Anne of Kiev
|This article may be expanded with text translated from the corresponding article in the French Wikipedia. (July 2012)|
|This article may be expanded with text translated from the corresponding article in the Russian Wikipedia. (July 2012)|
|Anne of Kiev|
|Spouse||Henry I of France
Ralph III of Valois
|Philip I of France
Hugh I, Count of Vermandois
|House||House of Capet|
|Father||Yaroslav I the Wise|
|Mother||Ingegerd Olofsdotter of Sweden|
|Burial||Villiers Abbey, La-Ferte-Alais, Essonne|
Her parents were Yaroslav I the Wise, the Grand Prince of Kiev and Novgorod, and princess Ingegerd Olofsdotter of Sweden, his second wife. She was born in Kiev, Ukraine between 1024 and 1032 and was the queen of France from 1051 to 1060.
Anne was the founder of the St. Vincent Abbey.
Marriage and children
After the death of his first wife, Matilda of Frisia, King Henry searched the courts of Europe for a suitable bride, but could not locate a princess who was not related to him within legal degrees of kinship. At last he sent an embassy to distant Kiev, which returned with Anne (also called Agnes). Anne and Henry were married at the cathedral of Reims on 19 May 1051. Her wedding and coronation took place in May 1049, the Holy Trinity Day, in the Cathedral of the city of Rheims, long the site of the coronation of French kings. During the coronation ceremony, which was conducted by the Archbishop of Rheims Guy de Chatilion, Anna took her oath placing her hand on the Gospel that she had brought from Kyiv. The Gospel was written in old Slavic language. This Gospel since then was used in the coronation ceremonies of the French kings all down the line until Louis XIX. The last French king to take an oath with his hand on this Gospel was Charles X (as king of France — 1824–1830). At present the book is kept in safety at the central library of the city of Rheims.
The new queen consort was not instantly attracted to her new realm. She wrote to her father that Francia was "a barbarous country where the houses are gloomy, the churches ugly and the customs revolting." Anna complained that the French could not write and read, and did not wash themselves. Anna of Kiev could write and read five languages, including Greek and Latin, while her husband Henry the First and his entire court could not write and read, and signed themselves with a cross. At her wedding banquet, she was shocked to have only three dishes, while at her father's court in Rus', she had five dinner dishes every day. Anna could ride a horse, was knowledgeable in politics, and actively participated in governing France, especially after her husband died. Many French documents bear her signature, written in old Slavic language (АНА РЪИНА, that is, Anna Regina, Anna the Queen). Pope Nicholas II, who was greatly surprised with Anne's great political abilities, wrote her a letter: "Honorable lady, the fame of your virtues has reached our ears, and, with great joy, we hear that you are performing your royal duties at this very Christian state with commendable zeal and brilliant mind." Henry the First respected his wife Anna so much that his many decrees bear the inscription "With the consent of my wife Anna" and "In the presence of Queen Anna". French historians point out that there are no other cases in the French history, when Royal decrees bear such inscriptions.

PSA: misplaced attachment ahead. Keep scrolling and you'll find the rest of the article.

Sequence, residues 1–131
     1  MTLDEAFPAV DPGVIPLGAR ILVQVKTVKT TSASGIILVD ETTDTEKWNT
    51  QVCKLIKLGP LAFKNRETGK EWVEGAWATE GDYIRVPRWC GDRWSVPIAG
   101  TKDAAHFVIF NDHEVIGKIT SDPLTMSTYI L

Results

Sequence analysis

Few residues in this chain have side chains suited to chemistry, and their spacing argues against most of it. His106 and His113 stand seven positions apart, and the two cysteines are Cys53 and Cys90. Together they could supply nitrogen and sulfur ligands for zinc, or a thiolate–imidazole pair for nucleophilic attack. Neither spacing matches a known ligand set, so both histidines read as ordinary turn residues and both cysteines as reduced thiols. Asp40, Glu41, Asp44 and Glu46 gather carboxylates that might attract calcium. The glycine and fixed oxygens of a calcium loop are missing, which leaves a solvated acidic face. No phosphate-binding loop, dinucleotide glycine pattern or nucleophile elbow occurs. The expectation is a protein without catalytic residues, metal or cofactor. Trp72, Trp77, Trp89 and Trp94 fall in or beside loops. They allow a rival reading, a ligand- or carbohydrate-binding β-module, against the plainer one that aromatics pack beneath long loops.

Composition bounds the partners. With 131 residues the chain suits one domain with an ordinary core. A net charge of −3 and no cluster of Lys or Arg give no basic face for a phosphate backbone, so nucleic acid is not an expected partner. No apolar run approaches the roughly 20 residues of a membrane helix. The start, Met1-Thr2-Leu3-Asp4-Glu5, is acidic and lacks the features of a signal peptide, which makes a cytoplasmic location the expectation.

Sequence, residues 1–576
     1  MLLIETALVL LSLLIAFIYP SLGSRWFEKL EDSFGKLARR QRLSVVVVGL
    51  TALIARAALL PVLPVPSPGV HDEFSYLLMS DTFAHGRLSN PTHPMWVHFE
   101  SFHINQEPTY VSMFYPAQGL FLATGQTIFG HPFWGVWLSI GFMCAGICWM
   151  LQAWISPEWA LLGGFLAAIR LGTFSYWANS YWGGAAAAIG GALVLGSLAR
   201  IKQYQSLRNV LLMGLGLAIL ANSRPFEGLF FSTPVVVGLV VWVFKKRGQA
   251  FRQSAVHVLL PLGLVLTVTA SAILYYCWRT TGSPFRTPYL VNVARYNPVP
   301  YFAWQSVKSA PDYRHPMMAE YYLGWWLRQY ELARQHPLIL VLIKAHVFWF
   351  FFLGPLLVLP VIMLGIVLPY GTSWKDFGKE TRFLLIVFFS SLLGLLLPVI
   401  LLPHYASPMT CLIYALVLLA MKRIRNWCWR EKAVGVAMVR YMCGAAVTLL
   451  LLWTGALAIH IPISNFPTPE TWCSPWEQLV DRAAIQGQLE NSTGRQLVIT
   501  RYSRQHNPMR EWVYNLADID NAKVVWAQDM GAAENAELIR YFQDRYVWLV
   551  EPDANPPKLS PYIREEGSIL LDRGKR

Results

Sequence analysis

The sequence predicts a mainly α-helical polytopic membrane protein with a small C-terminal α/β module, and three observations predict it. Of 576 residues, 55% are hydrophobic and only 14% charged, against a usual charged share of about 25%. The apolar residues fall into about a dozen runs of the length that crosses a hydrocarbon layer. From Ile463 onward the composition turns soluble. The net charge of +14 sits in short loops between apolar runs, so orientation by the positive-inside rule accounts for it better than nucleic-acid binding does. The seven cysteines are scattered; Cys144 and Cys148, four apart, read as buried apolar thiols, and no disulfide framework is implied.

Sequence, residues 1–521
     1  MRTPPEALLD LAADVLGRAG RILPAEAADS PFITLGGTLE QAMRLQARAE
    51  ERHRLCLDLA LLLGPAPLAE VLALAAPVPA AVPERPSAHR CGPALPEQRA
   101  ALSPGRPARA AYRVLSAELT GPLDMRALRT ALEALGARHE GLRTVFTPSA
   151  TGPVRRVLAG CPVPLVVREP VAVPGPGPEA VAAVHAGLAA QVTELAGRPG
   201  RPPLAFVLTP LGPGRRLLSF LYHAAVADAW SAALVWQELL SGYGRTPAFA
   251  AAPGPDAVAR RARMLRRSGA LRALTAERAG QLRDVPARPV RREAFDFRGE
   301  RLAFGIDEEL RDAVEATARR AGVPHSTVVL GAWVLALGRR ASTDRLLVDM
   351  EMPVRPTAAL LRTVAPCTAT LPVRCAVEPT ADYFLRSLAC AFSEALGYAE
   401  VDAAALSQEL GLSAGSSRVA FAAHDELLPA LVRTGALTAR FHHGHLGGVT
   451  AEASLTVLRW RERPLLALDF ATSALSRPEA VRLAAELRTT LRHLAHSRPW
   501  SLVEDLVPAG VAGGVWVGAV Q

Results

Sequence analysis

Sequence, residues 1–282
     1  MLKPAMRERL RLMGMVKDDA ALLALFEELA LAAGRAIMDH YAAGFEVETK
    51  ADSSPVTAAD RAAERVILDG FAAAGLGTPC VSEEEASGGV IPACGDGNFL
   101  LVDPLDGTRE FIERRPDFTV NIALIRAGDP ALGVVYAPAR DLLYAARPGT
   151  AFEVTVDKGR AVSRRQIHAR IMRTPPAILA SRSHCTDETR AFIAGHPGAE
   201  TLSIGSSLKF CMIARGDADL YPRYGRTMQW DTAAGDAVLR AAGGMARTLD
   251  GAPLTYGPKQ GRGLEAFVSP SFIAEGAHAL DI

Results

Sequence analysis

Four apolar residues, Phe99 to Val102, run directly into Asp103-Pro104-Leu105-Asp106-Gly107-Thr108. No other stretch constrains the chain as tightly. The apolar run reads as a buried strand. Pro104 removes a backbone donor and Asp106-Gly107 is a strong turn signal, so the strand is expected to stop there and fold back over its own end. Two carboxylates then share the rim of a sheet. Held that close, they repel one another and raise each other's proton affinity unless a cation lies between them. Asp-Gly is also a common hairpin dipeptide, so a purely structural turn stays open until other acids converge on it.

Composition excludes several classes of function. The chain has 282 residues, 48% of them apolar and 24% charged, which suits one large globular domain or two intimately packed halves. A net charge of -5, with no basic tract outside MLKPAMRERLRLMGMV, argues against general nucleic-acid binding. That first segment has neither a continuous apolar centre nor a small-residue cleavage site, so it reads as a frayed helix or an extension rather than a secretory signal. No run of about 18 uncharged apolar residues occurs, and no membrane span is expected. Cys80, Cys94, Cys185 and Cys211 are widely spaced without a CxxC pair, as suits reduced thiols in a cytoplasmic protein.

Anne is credited with bringing the name Philip to Western Europe. She imported this Greek name (Philippos, from philos and hippos, meaning "loves horses") from her Eastern Orthodox culture.
For six years after Henry's death in 1060, she served as regent for Philip, who was only eight at the time. She was the first queen of France to serve as regent. Her co-regent was Count Baldwin V of Flanders. Anne was a literate woman, rare for the time, but there was some opposition to her as regent on the grounds that her mastery of French was less than fluent.
A year after the king's death, Anne, acting as regent, took a passionate fancy for Count Ralph III of Valois, a man whose political ambition encouraged him to repudiate his wife to marry Anne in 1062. Accused of adultery, Ralph's wife appealed to Pope Alexander II, who excommunicated the couple. The young king Philip forgave his mother, which was just as well, since he was to find himself in a very similar predicament in the 1090s. Ralph died in September 1074, at which time Anne returned to the French court. She died in 1075, was buried at Villiers Abbey, La Ferte-Alais, Essonne and her obits were celebrated on 5 September. All subsequent French kings were her progeny.
With Henry I of France:
- Philip (23 May 1052 – 30 July 1108) - Anne is credited with bringing the name Philip to Western Europe. She imported this Greek name (Philippos, from philos (love) and hippos (horse), meaning "the one that love horses") from her Eastern Orthodox culture.
- Hugh (1057 – 18 October 1102) - called the Great or Magnus, later Count of Crépi, who married Adelaide, the heiress of Vermandois and died on crusade in Tarsus, Cilicia.
- Robert (c. 1055 – c. 1060)
|Ancestors of Anne of Kiev|
- Bauthier, Robert-Henri. Anne de Kiev reine de France et la politique royale au Xe siècle, revue des Etudes Slaves, Vol. 57, 1985
- Welcome to Ukraine: Anna of Kyiv, Queen of France
|Wikimedia Commons has media related to Anne of Kiev.|
Matilda of Frisia
|Queen consort of the Franks
Bertha of Holland